Don’t do this: Fill the entire page from top to bottom. Instead, leave some space on the page.  Your learning and understanding is going to evolve over the course of your studies, and you might want to add additional notes or clarify some information. It can also be very helpful to add drawings, diagrams, charts, and summaries to your notes—and you’ll need space to do this.

One other little tip—mark the page number of the text (or more thorough bibliographical information if studying from a variety of sources such as articles and websites) at the top of each page of notes. It will help you if you need to go back and clarify some information.

Don’t do this: Build a fortress of factoids. Instead, include keywords, cues, and ready-made review questions. You are going to want to use your notes for review and revision, and you can ensure an active revision if you include a ready-made cue section in your notes. In the very popular Cornell method of notetaking, this is a dedicated section off to one side of the page where you jot down keywords, review questions, or a few words signaling the main topics or essential points. Use these scribbles to quiz yourself during your review sessions.

P.S. A lot has been written about the different styles of notetaking, such as the Cornell method, the outline method, or visual/web/mind mapping. My best advice is to find the one that works for you and stick with it. You can read a nice, succinct article about the three methods here.

Don’t do this: Highlight everything. Instead, highlight sparingly—if at all. I see it all. the. time. A student emails me a question (good study technique, by the way) and they’ve included a photo of their textbook showing the passage they can’t understand. The picture shows a sea of pretty colors—the student has highlighted the entire page (or close to it). What this tells me is that the student highlighted the textbook on their first read-through, and marked almost every sentence, as they encountered a whole raft of new information.

If you do use a highlighter, be sure and keep it locked away during the preview stage and your first reading of the material. Use it on a subsequent read to highlight key words, cues, or definitions. In most circumstances, its best to aim to use your highlighter on no more than 20% to 30% of the total material.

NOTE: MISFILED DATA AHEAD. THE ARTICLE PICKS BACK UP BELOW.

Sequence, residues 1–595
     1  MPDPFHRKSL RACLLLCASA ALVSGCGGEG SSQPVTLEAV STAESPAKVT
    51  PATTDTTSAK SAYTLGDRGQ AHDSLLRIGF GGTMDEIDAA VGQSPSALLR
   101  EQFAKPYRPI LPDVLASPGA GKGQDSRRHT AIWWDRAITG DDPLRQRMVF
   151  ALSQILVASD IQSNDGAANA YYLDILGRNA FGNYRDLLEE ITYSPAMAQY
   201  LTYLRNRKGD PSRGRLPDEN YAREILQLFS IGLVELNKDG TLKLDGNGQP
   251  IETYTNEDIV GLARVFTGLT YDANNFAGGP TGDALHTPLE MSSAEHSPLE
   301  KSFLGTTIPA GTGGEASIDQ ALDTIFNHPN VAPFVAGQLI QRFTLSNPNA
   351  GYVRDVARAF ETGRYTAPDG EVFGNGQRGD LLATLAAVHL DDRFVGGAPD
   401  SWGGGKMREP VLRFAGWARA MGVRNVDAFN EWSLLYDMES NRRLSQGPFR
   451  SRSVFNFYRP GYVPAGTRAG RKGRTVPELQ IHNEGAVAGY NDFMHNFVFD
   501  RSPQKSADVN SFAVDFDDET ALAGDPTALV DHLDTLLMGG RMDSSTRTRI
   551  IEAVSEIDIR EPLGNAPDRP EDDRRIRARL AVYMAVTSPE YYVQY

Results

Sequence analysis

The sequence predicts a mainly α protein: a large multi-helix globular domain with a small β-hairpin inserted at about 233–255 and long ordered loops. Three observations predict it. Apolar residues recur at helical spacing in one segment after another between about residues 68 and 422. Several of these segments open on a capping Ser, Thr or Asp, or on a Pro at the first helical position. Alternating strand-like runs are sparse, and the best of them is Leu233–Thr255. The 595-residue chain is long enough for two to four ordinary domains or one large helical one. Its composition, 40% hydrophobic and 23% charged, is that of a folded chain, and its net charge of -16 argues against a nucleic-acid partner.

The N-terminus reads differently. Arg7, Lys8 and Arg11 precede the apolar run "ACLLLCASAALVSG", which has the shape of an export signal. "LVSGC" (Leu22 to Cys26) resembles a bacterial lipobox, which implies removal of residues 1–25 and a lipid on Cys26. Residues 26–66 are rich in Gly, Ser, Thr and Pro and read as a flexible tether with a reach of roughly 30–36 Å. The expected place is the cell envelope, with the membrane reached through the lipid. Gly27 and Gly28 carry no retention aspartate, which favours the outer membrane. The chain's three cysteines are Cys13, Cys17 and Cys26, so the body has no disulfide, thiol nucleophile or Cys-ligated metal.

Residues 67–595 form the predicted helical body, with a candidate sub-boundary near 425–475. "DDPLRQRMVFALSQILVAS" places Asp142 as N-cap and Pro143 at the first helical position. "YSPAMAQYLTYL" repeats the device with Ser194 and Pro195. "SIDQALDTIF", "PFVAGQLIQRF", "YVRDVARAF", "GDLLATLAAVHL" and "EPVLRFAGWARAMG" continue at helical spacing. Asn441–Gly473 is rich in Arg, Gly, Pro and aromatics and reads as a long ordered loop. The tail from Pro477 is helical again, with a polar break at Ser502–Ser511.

Note: I prefer to take notes rather than highlight, and I don’t specifically recommend highlighting source if asked for study advice; however, if asked, I do not dissuade folks from highlighting if they feel it works for them. (I do, however, think that highlighting your notes can be an effective part of revision.)

Don’t do this: After you’ve taken your notes, ignore them. Instead, review your notes on a regular basis. An ideal practice is to review your notes the next day by answering your own questions, reading them aloud, or reciting definitions of your key words or cues (using your own words).

One more thing: I think if you are taking notes, whether it be by hand, on a laptop, or into a note-taking app, you are on the right tract. However, there are those that believe handwritten is the way to go. For more information on this subject, click here.

Duly noted!

Click here to check out the rest of our posts on “How to Study Wine and Spirits”

The Bubbly Professor is “Miss Jane” Nickles of Austin, Texas… missjane@prodigy.net

About bubblyprof
Wine Writer and Educator...a 20-year journey from Bristol Hotels to Le Cordon Bleu Schools and the Society of Wine Educators